A motorist who was injured after driving off a mountain road and falling some 50 m (165 ft).
Mixed CQC report for Heathrow Air Ambulance
The Care Quality Commission (CQC), the independent regulator of health and adult social care in England, has issued an inspection report on patient transport service Heathrow Air Ambulance. Part of the wider Roebuck Air Services Group, Heathrow Air Ambulance Service says its offering includes air ambulance, flight nursing and ground ambulance services.
In an introductory statement signed by Professor Edward Baker, chief inspector of hospitals, the CQC report lists positive findings as well as a number of areas where the provider ‘needs to improve’, which were identified through an unannounced inspection on 25 July and an unannounced visit on 7 August.
Among the issues reported by the CQC was general governance was ‘not robust and did not demonstrate a monitoring of the quality of the service’. The report also states: “The service did not have an effective system in place to identify, limit and control clinical and non-clinical risks. The manager was able to identify a limited number of risks; however, there was limited evidence to demonstrate that all risks had been identified.”
The regulator further reported that while there was a formal process for reporting patient incidents, the CQC ‘did not have assurance that Heathrow Air Ambulance was following its own policy for reporting, investigating and learning from incidents’.
The CQC also noted a lack of an appraisal process, resulting in staff having unmet training needs. However, the report adds: “We were, however, assured at the unannounced visit appraisals were in progress.”
Further issues listed include incomplete staff training records, and a lack of a robust medicines management system. The report continues: “However, during inspection the decision was made to remove all medicines, as these were not essential to the service provided.”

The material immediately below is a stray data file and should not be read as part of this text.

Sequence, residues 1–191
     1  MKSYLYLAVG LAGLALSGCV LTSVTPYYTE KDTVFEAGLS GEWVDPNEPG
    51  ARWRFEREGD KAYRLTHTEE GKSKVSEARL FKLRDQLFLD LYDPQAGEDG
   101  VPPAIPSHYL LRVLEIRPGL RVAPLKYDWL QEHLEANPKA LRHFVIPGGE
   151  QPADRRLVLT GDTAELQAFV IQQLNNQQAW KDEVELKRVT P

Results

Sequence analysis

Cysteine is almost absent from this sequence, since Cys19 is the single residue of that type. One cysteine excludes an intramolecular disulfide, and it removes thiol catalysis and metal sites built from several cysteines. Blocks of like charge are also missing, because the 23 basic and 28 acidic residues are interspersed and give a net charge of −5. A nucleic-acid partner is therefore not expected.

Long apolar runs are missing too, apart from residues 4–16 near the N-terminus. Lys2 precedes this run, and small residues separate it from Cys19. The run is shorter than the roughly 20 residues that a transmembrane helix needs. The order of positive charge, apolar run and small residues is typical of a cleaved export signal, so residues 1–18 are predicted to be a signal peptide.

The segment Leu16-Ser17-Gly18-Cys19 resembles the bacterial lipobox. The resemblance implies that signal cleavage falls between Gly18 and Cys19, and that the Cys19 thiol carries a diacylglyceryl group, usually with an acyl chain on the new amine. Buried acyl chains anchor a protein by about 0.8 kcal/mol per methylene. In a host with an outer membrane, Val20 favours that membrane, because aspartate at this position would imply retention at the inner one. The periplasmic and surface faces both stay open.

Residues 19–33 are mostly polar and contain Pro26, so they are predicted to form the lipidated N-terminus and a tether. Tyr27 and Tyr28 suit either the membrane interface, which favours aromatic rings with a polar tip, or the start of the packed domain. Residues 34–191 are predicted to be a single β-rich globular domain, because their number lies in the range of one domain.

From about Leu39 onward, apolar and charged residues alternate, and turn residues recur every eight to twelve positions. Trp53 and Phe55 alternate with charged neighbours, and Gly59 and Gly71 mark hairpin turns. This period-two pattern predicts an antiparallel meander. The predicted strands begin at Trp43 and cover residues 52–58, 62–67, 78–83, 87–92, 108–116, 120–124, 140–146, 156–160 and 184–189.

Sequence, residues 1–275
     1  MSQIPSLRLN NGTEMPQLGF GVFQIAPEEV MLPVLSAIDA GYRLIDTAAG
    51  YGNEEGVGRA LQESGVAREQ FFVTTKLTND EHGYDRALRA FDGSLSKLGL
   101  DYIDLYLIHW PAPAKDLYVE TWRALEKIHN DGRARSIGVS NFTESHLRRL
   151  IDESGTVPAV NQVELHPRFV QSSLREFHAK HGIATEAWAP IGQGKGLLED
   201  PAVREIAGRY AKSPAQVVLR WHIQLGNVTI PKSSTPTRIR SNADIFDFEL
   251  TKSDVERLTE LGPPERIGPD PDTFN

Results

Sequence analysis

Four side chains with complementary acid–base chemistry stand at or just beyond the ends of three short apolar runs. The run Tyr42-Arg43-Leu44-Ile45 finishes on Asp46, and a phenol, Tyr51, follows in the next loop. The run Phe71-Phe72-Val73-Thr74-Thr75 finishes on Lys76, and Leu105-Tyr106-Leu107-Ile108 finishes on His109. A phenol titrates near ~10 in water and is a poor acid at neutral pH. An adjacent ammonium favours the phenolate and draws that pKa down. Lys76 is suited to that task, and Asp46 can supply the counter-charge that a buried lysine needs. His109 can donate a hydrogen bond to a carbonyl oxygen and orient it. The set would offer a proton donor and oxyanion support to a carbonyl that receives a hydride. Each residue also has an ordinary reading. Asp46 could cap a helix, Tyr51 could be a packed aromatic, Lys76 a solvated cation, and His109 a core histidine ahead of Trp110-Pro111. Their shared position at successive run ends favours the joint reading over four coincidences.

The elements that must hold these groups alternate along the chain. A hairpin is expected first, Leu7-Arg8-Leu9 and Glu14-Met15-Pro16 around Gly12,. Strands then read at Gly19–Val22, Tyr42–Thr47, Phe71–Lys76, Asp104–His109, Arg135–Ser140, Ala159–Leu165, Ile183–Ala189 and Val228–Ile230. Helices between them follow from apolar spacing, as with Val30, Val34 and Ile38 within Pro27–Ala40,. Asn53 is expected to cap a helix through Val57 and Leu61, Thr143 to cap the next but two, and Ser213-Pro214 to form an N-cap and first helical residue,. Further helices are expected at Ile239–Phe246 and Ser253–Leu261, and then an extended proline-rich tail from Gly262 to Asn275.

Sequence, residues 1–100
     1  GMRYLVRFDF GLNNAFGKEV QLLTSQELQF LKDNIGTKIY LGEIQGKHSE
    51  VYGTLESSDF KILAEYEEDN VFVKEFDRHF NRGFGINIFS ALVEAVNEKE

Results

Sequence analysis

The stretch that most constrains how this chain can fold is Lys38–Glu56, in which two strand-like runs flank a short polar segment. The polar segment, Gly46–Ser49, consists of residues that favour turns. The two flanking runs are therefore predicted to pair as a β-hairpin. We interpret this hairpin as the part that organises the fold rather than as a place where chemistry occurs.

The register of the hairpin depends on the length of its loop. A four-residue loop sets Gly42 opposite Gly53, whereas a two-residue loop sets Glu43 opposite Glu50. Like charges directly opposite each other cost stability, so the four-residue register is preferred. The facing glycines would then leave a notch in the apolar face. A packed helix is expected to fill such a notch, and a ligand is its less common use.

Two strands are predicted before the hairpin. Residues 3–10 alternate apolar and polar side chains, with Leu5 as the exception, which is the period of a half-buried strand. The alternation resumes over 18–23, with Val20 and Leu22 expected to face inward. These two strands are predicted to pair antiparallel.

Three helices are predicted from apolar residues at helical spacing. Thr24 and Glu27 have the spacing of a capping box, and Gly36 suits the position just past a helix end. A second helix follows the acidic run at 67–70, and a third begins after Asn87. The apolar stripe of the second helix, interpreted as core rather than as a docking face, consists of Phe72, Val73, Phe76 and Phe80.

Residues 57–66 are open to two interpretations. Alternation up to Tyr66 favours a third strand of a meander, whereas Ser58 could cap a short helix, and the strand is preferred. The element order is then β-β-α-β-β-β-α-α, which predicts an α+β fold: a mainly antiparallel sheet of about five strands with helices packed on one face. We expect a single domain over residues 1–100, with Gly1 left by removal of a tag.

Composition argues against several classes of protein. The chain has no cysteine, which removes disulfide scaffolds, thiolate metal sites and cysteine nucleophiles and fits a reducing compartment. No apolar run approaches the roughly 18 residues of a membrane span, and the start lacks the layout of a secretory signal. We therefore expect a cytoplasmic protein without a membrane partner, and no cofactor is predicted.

Among the areas of good practice described in the report are that staff were found to hold the manager in high regard, enjoyed working for the service and felt well supported. The service managed infection prevention and control well and followed its policies and procedures, and all vehicles were in good condition, well maintained and visibly clean and tidy. Medical gases were stored safely and securely, said the CQC, and equipment was maintained, clean and in good working order. Staff received mental capacity act training and showed awareness of consent issues, the service uses its vehicles and resources effectively to meet patients’ needs, and staff described a compassionate, empathetic and caring attitude towards patients, putting patient’s best interests at the heart of their work, said the CQC. In addition, staff were clear about how they would respect patient’s dignity, independence and privacy, and were found to be focused on providing person-centred care and enjoyed working for the company.
The CQC noted that Heathrow Air Ambulance has retained the same contracts with embassies and insurance companies for over 25 years. The regulator said that following this inspection, it told the organisation that it must take some actions to comply with the regulations.
Under a new agreement, the fixed-wing medical transport providers will co-operate on time-critical missions.
The Exchange was designed to share real-world lessons learned about humanitarian assistance and disaster relief.
RACQ CQ Rescue described the mission as a ‘marathon’ five-hour task.
Awesome Air Evac, DFS and TMH Medical Services have announced that they have joined forces to provide an air ambulance service based in Kabul, Afghanistan.